Anne Carson's "1 = 1" was originally published in the January 11, 2016 issue of The New Yorker. Click here to read the story in its entirety on The New Yorker webpage.

January 11, 2016I love Anne Carson’s work. I find it profound as she plays with form and humanity’s ancient questions. If you haven’t read Autobiography of Red, Nox (which is one of the most beautiful and unique books I own), or Antigonick, I recommend you fix that as soon as possible! I myself need to catch up as read Red Doc>, the sequel to Autobiography of Red.

Carson has appeared in the pages of The New Yorker several times over the years, but always in the poetry section. This is the first piece of short fiction she’s published in that magazine that I can find. And I’m as excited to read this as I have been about reading any story in The New Yorker in a couple of years.

I look forward to reading your thoughts below.

Here are Adrienne’s thoughts, to start us off!

I do not understand everything about this story, but I know there is so much in there to find. I wish I had more learning, more background, more intellect to make and see the connections that are here in this piece. So I’d like to encourage discussion about this story. I am ready to learn.

What did you notice? What struck you about the beginning and its connection to the ending? Is there a symbolism that ran through here that was heavy for you? Did this prose piece feel poetic in tone and theme? What is this tale really about?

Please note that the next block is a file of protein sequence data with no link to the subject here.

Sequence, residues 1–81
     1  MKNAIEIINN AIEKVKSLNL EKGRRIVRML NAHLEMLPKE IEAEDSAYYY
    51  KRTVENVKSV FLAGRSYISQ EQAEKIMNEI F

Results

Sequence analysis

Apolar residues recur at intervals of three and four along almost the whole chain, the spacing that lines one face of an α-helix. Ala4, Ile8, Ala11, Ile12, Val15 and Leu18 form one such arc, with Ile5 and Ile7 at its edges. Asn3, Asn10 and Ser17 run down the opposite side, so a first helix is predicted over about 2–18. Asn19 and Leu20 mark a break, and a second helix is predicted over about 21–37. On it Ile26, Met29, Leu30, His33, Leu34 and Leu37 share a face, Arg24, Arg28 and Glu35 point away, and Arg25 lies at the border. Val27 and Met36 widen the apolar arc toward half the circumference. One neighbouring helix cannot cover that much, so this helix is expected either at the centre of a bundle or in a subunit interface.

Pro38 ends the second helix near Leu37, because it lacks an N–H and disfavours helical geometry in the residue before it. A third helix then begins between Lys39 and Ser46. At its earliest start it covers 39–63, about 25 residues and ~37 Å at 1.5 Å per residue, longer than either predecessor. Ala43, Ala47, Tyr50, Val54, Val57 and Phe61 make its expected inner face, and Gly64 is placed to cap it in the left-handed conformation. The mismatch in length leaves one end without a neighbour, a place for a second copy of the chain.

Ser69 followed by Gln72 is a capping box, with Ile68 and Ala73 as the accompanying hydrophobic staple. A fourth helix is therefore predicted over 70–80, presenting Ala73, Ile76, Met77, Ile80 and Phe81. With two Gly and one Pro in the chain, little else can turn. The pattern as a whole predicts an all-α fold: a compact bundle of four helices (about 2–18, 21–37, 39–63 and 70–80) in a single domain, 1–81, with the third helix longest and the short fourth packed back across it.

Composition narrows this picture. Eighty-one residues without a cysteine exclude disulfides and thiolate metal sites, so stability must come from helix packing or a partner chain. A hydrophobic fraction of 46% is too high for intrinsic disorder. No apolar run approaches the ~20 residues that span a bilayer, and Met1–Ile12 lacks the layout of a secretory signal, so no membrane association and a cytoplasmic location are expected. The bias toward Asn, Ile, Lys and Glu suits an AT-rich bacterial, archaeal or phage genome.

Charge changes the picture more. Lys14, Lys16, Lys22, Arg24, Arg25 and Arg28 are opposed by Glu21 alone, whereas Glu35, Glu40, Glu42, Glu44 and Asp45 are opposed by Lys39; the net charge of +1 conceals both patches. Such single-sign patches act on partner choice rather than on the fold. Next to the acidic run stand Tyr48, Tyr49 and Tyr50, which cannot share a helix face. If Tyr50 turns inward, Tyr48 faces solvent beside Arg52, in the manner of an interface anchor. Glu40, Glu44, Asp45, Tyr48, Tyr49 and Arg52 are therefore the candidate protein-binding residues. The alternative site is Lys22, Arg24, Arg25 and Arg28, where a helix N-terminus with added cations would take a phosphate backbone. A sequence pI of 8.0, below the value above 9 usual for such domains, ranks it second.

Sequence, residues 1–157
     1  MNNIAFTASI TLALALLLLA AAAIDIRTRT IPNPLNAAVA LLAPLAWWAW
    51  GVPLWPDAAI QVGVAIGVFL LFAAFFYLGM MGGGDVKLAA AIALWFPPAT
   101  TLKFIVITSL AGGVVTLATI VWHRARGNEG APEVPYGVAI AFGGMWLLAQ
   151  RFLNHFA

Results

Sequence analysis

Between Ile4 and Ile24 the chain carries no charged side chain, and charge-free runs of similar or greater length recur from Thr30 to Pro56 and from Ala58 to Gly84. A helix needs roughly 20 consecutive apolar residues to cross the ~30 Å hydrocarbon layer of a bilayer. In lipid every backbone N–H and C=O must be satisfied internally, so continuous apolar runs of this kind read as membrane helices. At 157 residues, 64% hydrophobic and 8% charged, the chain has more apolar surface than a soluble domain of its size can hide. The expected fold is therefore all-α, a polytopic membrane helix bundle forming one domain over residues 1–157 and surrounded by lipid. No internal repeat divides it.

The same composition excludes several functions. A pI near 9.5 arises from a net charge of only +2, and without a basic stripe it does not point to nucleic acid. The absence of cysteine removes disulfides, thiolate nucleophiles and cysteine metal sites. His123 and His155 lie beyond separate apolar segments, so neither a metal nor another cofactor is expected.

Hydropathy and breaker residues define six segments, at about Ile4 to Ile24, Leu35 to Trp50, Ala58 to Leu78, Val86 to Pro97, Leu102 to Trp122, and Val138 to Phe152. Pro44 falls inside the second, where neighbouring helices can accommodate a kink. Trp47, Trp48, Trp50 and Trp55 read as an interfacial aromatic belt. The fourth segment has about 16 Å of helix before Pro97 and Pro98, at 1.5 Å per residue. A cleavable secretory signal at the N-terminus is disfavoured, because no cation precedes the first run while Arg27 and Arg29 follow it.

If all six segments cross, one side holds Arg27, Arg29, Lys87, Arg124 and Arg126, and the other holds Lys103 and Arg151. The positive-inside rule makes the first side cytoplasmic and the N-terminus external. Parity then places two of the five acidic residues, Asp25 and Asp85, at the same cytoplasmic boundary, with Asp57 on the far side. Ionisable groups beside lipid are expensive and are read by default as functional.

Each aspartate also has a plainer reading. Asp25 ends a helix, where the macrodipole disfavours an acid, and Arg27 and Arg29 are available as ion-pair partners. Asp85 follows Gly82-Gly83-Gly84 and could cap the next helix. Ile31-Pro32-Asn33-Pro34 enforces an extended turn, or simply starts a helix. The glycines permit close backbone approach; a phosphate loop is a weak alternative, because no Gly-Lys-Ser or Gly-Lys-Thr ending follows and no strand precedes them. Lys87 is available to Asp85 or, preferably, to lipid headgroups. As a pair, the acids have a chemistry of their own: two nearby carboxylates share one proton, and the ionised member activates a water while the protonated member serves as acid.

Water predominates this piece — the lake, the sea. It held and cradled characters: the main character, the dog, refugees.

The first line is haunting: “She visits others.” Yet, then the protagonist calls herself selfish. How? Why? She notices people, situations, individuals. But she says there’s “no momentum in sharing” . . . ?

There is pressure to swim well and to use this water correctly. [. . .] Every water has its own rules and offering. Misuse is hard to explain. Perhaps involved is that commonplace struggle to know beauty, to know beauty exactly, to put oneself right in its path, to be in the perfect place to hear the nightingale sing, see the groom kiss the bride, clock the comet. Every water has a right place to be, but that place is motion. You have to keep finding it, keep having it find you. Your movement sinks into and out of it with each stroke. You can fail it with each stroke. What does that mean, fail it.

What does “fail it” mean?

And how does this connect to the end? “The fox does not fail.” And Comrade Chandler’s connection to the fox?

So much to talk about here. Let’s talk about it and see what we discover from each other.

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By |2016-01-06T16:17:15-04:00January 4th, 2016|Categories: Anne Carson, New Yorker Fiction|15 Comments


  1. Trevor Berrett January 6, 2016 at 4:25 pm

    Thanks for getting the discussion going with your thoughts, Adrienne. I’m still mulling this over as well — but I’ll come on soon once my schedule has died down a little and I can give this a proper jab!

  2. Margaret January 8, 2016 at 1:13 pm